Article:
It was a heartbreaking moment in the Utah Jazz's comeback attempt Monday. But in the end, it wasn't just one play but a series of mistakes compounded by a sleepy effort that resulted in a 94-79 loss at EnergySolutions Arena, dropping the Jazz to 16-32 on the year.
"We fought our way back into the game," Corbin said, "and then we made mistake after mistake."
After scoring 27 points on the Raptors in the first quarter, the Jazz failed to hit 20 again in the game's final three. Utah shot 41 percent from the floor and converted on just three of its 17 attempts from behind the arc.
Short-handed again with forwards Derrick Favors and Jeremy Evans sidelined by injury, the Jazz looked to veteran Marvin Williams. The forward scored a season-high 23 points and grabbed eight rebounds.
The Jazz held the Eastern Conference's Player of the Week, point guard Kyle Lowry, to just two points before a knee injury took him out of the game in the third quarter. But Toronto's Jonas Valanciunas used his 7-foot frame and an array of ball fakes to score 18, and the Raptors' All-Star shooting guard DeMar DeRozan dropped 23 points on the Jazz.
"He made the game look easy for himself and I really like the way he's growing as a player," Toronto coach Dwane Casey said his All-Star.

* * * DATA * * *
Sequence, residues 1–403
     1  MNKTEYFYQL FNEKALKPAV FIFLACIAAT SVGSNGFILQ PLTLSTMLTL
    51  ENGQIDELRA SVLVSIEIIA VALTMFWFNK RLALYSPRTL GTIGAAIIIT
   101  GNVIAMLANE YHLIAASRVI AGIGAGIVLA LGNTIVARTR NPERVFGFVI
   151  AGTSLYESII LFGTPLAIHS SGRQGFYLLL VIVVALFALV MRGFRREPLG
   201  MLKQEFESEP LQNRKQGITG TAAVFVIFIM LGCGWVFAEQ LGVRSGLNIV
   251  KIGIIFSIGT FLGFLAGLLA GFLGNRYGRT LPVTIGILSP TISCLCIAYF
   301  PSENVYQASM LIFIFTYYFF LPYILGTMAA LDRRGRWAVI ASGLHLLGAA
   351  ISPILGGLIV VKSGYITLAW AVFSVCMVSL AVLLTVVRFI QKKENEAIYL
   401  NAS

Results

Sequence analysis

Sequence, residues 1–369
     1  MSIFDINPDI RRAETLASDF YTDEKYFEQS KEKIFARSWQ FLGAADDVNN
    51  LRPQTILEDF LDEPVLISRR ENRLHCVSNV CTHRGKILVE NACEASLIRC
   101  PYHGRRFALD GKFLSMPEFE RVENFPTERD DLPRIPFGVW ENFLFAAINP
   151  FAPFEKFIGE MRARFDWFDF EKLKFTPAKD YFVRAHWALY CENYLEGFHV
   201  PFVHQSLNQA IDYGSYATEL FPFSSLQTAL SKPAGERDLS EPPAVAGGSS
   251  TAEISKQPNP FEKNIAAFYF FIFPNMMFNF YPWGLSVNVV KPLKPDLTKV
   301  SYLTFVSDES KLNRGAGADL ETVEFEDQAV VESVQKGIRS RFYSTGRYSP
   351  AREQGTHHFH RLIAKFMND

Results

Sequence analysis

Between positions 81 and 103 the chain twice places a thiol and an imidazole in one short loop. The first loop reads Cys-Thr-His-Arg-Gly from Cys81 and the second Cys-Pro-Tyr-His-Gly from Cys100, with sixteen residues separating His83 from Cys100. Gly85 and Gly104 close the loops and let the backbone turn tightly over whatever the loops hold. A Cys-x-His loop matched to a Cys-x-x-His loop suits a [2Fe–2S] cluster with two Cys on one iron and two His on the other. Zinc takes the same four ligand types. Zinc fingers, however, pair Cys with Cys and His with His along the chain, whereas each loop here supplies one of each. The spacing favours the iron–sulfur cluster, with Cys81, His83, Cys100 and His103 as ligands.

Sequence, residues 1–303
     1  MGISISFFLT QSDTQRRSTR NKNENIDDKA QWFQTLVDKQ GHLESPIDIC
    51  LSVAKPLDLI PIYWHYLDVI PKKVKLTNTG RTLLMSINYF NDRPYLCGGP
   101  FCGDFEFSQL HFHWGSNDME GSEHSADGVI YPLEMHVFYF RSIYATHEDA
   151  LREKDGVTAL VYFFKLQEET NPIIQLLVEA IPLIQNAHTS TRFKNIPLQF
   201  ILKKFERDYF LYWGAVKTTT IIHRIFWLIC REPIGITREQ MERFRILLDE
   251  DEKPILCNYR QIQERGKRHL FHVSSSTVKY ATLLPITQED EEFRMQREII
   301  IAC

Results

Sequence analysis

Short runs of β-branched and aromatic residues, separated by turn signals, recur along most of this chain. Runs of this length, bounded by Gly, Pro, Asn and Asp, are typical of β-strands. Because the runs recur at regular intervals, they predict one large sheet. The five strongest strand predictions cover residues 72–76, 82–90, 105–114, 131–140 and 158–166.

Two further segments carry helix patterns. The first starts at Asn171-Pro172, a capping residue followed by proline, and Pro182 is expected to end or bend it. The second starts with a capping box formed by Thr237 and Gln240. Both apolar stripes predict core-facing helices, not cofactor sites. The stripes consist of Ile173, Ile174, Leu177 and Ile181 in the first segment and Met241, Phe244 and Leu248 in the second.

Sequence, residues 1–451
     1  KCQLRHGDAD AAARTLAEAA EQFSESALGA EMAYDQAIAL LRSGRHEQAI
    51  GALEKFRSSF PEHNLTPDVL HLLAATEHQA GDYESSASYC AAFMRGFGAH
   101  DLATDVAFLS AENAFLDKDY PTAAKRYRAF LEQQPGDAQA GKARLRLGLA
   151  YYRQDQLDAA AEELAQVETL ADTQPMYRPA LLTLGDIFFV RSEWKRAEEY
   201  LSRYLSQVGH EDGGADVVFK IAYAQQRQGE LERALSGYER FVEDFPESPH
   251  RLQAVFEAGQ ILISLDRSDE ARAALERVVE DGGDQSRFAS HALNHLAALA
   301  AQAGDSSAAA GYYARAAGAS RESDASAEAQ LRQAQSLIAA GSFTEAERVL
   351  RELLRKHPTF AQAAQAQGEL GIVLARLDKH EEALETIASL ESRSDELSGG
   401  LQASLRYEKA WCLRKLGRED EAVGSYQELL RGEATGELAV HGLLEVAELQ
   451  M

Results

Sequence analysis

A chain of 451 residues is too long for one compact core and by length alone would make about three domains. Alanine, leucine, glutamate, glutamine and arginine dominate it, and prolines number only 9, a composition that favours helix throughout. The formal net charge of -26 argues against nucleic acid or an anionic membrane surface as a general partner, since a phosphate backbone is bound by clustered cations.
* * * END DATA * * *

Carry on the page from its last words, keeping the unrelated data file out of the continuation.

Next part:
Down by 11 after the first basket of the fourth quarter, the Jazz surged early in the period. Rookie center Rudy Gobert blocked a jump shot at the free-throw line, sparking a fast break and an acrobatic Alec Burks layup to cap an 8-0 run.
But that was as close as the Jazz would get.
The Jazz dropped their third straight game, the team's first three-game losing streak since early December. And with games at Dallas and home against Miami on the horizon, things don't look to be easing up.
For the team's starting backcourt, the struggles continued. Gordon Hayward and Trey Burke combined to go 7 of 25 from the floor for 16 points.
It was the sixth time in seven games the rookie has failed to reach double figures.
"The shot looks good, to be honest with you," Burke said. "There were three or four shots tonight that looked good, went in and out. I think it has something to do with [my] legs. I have to make sure I keep getting lift on my shot as the season goes on."
Hayward is shooting just 29 percent from the floor and averaging under 12 points a game over his last six.
Williams, who scored the most points of his Jazz career Monday, wants his teammates to push through it.
"Gotta keep shooting, man. Gotta keep shooting," he said. "You've got to have confidence in yourself as far as shooting the basketball [goes] because no one else will. Those guys have made big shots throughout their careers. They'll continue to make shots."